Submissions for sale
Have people learned nothing about the Resource Management Act after fifteen years of its imposition?
I've heard outrage everywhere about the news that the Department of Conservation took money to shut down its opposition to the Project Hayes wind farm in the South Island’s Lammermoor Range.
Words like “bribe” and “hush money” have been used. People are outraged. “It's venal, cowardly, and corrupt," Dunedin conservationist Dave Witherow said. "What we are encouraging is a culture of bribery," the Project Hayes objector said. "To be blunt, [it] was about buying silence to avoid political embarrassment," says Parliamentary Commissioner for the Environment, Morgan Williams.
Where have these people been?
The Resource Management Act actively encourages corruption. It encourages a culture of bribery. It incites it. It makes it normal. If people are given a “right” to object to what you do on your property, then ipso facto they have a right they’re able to sell. And they have been.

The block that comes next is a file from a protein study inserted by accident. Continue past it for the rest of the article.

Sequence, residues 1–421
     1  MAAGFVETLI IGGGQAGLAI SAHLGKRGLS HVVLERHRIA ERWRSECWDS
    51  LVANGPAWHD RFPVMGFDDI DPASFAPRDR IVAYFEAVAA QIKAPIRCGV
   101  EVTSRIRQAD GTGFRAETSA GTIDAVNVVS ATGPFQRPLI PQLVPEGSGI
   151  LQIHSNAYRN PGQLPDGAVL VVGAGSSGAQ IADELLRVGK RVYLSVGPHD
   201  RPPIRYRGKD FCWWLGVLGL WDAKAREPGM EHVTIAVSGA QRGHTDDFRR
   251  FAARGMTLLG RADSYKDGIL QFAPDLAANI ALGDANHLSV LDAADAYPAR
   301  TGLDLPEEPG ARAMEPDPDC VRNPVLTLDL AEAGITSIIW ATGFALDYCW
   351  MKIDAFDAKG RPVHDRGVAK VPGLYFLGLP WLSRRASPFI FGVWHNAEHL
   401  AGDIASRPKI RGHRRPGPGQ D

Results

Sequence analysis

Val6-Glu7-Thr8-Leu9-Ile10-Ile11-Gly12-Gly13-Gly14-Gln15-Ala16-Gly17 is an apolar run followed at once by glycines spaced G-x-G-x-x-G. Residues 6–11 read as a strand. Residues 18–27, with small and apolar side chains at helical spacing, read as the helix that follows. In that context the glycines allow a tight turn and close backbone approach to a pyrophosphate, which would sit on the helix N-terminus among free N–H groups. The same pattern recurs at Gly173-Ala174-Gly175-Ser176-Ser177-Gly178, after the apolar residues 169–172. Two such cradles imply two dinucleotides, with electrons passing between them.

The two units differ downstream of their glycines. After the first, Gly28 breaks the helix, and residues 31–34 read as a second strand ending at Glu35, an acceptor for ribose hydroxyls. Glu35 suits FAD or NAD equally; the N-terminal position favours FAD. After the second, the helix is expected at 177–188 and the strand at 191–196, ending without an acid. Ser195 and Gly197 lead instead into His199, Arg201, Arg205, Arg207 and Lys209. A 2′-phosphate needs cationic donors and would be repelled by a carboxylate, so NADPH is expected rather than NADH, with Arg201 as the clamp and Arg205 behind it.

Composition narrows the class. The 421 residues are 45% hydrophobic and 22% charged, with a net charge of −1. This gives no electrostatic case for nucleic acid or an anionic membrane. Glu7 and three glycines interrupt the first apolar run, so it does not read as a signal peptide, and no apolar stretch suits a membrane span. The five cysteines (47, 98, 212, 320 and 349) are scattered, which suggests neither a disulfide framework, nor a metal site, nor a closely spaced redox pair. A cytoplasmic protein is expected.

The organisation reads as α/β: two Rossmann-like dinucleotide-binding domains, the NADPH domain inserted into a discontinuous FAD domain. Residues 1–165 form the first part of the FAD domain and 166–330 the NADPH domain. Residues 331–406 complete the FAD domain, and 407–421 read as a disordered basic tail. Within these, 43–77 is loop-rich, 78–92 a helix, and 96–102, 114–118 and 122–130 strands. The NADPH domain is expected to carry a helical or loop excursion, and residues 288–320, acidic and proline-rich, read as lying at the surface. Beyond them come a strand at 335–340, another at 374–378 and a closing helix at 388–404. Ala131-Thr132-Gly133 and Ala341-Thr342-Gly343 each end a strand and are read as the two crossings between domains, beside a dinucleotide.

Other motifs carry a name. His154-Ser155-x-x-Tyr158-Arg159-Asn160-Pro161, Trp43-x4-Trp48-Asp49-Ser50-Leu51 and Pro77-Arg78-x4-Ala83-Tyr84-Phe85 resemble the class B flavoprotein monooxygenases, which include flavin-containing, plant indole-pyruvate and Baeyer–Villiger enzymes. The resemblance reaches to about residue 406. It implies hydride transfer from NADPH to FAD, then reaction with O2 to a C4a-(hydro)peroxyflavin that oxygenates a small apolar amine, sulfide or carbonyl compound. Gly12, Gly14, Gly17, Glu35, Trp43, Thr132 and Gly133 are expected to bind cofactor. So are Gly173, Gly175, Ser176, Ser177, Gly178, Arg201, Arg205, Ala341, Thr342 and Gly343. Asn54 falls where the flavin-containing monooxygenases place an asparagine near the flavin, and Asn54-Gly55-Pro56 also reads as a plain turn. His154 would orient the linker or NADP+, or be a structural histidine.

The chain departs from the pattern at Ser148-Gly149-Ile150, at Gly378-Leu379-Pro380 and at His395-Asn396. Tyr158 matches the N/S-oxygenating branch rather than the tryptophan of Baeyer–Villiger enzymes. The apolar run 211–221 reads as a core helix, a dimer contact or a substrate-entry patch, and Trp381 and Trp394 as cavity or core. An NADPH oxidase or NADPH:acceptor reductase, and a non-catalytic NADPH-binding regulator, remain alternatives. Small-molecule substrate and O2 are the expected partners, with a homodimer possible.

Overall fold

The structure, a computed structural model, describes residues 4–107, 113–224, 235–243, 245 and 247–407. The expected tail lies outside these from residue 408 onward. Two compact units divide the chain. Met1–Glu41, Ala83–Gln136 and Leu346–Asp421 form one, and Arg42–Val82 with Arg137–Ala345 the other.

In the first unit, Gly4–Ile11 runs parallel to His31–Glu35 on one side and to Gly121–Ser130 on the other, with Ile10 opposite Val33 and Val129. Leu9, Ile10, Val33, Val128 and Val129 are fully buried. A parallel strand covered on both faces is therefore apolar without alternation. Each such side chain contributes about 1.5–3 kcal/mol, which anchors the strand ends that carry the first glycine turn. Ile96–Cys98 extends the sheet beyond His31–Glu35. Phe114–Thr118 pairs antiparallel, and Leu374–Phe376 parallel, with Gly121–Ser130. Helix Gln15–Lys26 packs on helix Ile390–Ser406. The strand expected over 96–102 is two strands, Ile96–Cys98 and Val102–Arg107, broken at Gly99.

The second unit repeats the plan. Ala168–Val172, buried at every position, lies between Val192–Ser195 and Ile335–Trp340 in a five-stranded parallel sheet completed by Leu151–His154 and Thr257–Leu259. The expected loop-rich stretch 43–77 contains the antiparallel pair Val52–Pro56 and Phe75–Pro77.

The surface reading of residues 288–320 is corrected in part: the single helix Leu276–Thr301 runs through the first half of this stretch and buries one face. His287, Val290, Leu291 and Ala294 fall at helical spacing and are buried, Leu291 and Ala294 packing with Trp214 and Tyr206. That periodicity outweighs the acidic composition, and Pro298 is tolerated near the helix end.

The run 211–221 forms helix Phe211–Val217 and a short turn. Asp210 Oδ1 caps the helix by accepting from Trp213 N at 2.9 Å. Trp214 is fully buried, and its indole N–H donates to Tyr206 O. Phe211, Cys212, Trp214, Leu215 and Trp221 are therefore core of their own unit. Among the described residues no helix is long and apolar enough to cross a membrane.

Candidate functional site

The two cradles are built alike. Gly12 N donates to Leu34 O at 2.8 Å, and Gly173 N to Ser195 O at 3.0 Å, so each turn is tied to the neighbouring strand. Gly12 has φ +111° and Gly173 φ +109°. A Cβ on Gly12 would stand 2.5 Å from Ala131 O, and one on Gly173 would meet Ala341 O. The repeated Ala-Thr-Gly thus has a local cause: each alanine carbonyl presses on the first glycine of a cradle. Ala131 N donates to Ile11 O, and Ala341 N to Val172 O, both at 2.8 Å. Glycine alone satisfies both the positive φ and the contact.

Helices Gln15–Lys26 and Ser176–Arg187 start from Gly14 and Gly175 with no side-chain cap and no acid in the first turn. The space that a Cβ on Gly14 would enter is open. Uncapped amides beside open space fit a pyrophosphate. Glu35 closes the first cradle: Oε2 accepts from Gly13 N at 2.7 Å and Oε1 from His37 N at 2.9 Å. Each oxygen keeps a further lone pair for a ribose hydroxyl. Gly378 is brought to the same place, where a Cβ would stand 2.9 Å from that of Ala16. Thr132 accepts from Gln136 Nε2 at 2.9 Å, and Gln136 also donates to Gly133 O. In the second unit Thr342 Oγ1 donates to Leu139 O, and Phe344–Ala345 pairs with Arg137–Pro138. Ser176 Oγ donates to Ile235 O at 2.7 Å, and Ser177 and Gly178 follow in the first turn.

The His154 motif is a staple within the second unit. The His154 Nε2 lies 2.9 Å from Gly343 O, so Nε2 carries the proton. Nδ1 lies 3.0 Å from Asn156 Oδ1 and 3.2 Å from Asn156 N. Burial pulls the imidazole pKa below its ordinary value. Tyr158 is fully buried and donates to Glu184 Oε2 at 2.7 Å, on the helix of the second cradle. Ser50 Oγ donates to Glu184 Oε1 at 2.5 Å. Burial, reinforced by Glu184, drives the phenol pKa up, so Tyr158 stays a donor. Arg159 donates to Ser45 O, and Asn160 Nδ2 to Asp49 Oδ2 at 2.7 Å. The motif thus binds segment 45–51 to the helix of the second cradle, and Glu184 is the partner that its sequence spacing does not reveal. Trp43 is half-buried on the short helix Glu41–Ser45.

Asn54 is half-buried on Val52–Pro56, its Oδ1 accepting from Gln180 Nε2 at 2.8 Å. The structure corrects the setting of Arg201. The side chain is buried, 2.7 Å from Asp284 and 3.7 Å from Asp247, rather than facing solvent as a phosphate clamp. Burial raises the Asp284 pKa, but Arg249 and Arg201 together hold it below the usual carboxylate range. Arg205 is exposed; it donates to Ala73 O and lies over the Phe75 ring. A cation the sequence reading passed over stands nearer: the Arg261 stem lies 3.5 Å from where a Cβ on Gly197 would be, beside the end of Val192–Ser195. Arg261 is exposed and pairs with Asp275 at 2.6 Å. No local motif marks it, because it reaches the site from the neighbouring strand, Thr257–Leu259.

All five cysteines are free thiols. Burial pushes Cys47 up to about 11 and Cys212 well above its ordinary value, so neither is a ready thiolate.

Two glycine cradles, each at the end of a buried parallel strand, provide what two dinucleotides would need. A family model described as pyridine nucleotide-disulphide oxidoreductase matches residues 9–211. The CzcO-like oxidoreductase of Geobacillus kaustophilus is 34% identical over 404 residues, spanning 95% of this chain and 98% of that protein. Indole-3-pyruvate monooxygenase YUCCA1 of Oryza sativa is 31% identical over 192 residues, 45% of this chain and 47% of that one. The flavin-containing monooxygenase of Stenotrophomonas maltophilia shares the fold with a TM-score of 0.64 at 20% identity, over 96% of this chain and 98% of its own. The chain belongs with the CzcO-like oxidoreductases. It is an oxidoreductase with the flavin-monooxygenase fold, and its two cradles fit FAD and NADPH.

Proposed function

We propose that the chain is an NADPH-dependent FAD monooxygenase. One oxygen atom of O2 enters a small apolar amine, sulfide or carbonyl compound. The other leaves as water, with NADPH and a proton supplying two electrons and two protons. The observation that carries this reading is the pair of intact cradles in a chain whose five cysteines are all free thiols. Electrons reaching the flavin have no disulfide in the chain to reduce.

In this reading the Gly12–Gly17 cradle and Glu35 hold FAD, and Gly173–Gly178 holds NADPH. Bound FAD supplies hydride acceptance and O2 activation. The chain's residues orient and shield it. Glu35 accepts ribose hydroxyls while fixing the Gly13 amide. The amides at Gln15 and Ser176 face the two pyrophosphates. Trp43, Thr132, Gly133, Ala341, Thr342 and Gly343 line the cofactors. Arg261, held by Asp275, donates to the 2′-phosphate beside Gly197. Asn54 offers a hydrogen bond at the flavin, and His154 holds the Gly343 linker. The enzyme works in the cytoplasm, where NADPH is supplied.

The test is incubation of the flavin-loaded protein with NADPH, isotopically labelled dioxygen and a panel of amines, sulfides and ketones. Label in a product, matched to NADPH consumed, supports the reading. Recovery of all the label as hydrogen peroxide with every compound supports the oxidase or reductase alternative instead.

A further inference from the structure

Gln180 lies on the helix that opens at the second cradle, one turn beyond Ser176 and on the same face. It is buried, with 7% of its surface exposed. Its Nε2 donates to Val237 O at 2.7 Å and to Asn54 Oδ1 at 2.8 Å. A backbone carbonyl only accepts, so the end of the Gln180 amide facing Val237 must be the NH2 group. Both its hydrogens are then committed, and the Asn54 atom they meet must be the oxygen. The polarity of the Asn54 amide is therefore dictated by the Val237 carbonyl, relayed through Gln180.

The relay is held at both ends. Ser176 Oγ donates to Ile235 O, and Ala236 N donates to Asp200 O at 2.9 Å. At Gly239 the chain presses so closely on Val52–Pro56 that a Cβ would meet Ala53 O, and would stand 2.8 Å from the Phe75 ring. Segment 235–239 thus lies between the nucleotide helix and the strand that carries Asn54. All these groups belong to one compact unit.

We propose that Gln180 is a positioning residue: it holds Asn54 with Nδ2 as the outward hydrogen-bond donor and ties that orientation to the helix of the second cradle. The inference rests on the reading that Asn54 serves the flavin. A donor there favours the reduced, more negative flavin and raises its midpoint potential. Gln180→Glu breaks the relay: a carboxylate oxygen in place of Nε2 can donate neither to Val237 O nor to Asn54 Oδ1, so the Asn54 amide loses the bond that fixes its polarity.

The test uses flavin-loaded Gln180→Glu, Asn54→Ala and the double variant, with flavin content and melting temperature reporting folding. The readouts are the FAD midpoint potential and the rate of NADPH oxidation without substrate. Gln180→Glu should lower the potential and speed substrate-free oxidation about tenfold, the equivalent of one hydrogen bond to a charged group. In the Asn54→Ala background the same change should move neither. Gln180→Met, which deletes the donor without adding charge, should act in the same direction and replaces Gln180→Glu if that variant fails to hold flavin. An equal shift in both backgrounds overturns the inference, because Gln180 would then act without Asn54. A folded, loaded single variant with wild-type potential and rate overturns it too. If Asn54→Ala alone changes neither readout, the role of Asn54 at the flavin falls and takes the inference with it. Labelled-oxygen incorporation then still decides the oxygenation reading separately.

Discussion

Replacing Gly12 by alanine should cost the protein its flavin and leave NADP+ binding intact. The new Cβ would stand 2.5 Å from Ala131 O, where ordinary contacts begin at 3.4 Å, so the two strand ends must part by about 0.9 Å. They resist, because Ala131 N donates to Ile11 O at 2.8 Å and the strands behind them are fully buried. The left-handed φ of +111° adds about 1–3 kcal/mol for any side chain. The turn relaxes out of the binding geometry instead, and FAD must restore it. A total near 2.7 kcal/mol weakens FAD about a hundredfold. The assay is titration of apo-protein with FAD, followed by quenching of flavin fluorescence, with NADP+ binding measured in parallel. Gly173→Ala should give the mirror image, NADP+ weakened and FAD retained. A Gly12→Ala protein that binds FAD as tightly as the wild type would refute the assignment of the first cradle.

- That neighbour who “objects” to your extensions, but can be bought off with a bottle (or three) of wine.
- The iwi who discover taniwhas at the bottom of your garden, which disappear after judicious application of JP Morgan’s salve.
- The environmental group who suddenly discovers after an ex gratia payment (offered “without prejudice”) that the native snails/mangroves/sand dunes they’d been bound to protect will be fine after.
- The historic places trust, who agree to drop their objections in return for a range of mitigation measures … and a cheque for $179,000.
- The government department who are “legally obliged to protect the environment” whose concerns about access, visual impact, and falcons who might be hit by turbine blades, are assuaged by the payment of $125,000.
The RMA positively encourages groups like these to use the process as a meal ticket – where anywhere else this would be called blackmail. It positively encourages planners to play both sides of the fence – where anywhere else it would be called corruption.
Have people learned nothing about the Resource Management Act after fifteen years?
It’s a case study of what happens when you expand “rights” beyond those that are legitimate.
Which is to say, it’s another classic case study of non-objective law.